Wednesday in Wyoming -- August 29, 2018

What would you do if you saw this bird watching you wash dishes? My answer was, "Forget the dishes and grab the camera."

It took a few minutes with my Audubon Field Guide, but I learned that the visitor was a chukar.

The chukar is not a native bird but was imported from Europe in the last century. I won't give you all the details here, but if you'd like more information, you might find this article from Cornell interesting.

This chukar stayed for quite a while, posing so I could admire him from different directions. Unfortunately, he hasn't been back.

Wednesday, August 22, 2018

Wednesday in Wyoming -- August 22, 2018

One of the most colorful backyard visitors is the goldfinch. I'm always entertained by the contortions the finches go through to harvest seeds from the sunflowers, and the fact that their colors are so similar only adds to the appeal.

Wednesday, August 15, 2018

Wednesday in Wyoming -- August 15, 2018

Last week I highlighted the hawk that's been a backyard visitor. Today's post features a much smaller bird -- a rufous hummingbird. Here it is, perched on a piece of lawn art. What surprises me is how long it'll sit there, almost motionless.

The reason for choosing that particular perch is that only a few feet away are one of its favorite foods -- penstemons. Although it seems to me that the birds (there are at least three) visit the same blossom multiple times a day, making me wonder if there's any nectar left, they don't appear discouraged and keep returning.

I always laugh when I see the little hummer with its full beak and part of its head buried in the flower. Must be tasty!

Wednesday, August 8, 2018

Wednesday in Wyoming -- August 8, 2018

It's one thing to have robins and sparrows bathing in the birdbath, but a Swainson's Hawk is a different story. Even though this one was a juvenile, he still had trouble fitting in the birdbath, yet he persisted.

A couple weeks later, he returned -- considerably larger than the prior visit -- and decided to do nothing more than drink. As you can imagine, the ground squirrels and bunnies were less excited about the hawk's presence than we humans were.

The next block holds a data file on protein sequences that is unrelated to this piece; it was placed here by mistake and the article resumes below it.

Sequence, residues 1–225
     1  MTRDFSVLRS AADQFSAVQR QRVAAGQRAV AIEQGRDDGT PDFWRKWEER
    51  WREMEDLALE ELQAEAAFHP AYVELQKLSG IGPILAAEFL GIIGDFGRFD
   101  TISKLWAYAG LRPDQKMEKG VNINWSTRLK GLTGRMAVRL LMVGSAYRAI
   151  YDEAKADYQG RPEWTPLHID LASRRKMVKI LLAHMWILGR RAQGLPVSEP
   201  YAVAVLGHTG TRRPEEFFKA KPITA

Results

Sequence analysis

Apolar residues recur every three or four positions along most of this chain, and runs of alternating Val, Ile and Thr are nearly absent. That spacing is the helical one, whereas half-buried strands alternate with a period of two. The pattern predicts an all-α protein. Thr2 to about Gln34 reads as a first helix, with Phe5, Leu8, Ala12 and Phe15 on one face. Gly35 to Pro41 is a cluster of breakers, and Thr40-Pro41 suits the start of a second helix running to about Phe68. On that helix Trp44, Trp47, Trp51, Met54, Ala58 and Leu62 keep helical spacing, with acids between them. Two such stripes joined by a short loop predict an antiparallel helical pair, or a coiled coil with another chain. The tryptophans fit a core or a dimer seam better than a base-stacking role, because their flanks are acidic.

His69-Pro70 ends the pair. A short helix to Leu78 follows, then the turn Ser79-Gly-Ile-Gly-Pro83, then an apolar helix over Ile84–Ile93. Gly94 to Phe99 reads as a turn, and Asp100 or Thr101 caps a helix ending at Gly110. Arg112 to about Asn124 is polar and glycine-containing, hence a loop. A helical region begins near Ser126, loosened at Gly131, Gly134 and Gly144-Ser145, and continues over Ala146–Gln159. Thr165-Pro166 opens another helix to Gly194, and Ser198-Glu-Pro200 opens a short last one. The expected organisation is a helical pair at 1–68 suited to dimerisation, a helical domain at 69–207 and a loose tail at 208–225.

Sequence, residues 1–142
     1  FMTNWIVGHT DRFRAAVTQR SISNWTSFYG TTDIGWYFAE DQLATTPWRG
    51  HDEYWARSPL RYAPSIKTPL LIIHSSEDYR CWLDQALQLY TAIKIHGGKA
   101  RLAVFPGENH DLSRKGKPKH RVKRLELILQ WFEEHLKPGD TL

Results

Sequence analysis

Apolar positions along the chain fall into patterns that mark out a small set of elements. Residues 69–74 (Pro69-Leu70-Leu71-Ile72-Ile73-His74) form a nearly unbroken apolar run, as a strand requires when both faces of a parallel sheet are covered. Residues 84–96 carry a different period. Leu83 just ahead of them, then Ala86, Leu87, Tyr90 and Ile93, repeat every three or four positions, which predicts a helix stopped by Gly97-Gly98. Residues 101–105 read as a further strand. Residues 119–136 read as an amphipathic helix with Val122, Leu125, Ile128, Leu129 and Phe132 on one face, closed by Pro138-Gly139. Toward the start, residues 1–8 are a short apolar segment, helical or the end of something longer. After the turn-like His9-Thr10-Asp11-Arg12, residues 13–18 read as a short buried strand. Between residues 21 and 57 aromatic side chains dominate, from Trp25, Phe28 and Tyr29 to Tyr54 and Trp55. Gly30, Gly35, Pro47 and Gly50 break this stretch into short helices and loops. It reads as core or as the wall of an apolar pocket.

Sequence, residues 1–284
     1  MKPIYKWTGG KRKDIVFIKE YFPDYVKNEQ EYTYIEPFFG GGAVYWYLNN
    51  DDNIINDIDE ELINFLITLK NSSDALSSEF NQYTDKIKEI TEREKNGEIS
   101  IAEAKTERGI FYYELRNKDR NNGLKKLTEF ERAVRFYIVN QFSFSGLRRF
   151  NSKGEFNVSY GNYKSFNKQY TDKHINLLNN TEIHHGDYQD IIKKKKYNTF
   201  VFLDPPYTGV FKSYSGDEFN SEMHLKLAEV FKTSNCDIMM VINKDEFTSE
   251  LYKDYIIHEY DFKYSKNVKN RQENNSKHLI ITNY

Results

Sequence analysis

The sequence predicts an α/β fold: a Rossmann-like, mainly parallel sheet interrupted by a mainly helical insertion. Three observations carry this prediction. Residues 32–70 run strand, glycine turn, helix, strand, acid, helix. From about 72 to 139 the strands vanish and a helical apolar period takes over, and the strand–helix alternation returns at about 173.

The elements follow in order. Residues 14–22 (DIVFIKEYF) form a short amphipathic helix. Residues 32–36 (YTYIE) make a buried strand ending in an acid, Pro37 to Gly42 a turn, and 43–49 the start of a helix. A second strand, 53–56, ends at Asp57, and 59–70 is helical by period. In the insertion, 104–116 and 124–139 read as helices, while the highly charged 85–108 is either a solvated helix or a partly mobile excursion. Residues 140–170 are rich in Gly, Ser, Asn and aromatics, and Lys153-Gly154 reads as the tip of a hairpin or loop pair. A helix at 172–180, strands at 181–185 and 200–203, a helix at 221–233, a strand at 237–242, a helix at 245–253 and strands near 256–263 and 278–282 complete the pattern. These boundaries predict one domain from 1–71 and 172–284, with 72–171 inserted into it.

Wednesday, August 1, 2018

Wednesday in Wyoming -- August 1, 2018

Now, this is something you don't see very often in Cheyenne or -- for that matter -- anywhere.

Mr. Peanut and his NUTmobile came to one of the local grocery stores last month. It was a great photo opp, not to mention a chance to talk to the Peanutters, as the staff who tour with Mr. Peanut are called, and learn more about the famous nut.

Here's the NUTmobile in all its glory. If you were wondering, it's not a repurposed RV. The three NUTmobiles (one for each of three different regions of the country) were all custom made specifically for Planters.

Some fun facts about the NUTmobile itself.

In his almost a century of existence, Mr. Peanut himself has undergone some changes.

A fitting ending to the story, and to the NUTmobile itself: a personalized license plate.

Wednesday, July 25, 2018

Wednesday in Wyoming - July 25, 2018

It's Frontier Days time in Cheyenne, and today is Cheyenne Day. In addition to the rodeo itself and the famous Frontier Nights entertainment, there's a pancake breakfast and my favorite event: the US Air Force Thunderbirds show.

What a wonderful example of precision flying, excellence, and teamwork.

Wednesday, July 18, 2018

Wednesday in Wyoming - July 18, 2018

What would you think if you saw this on a billboard? Would it catch your eye? The Eiffel Tower windmill certainly caught my attention. I was so intrigued by it that when I discovered that the Laramie County Library was offering poster-sized versions, I snapped one up and have it hanging where I see it every day.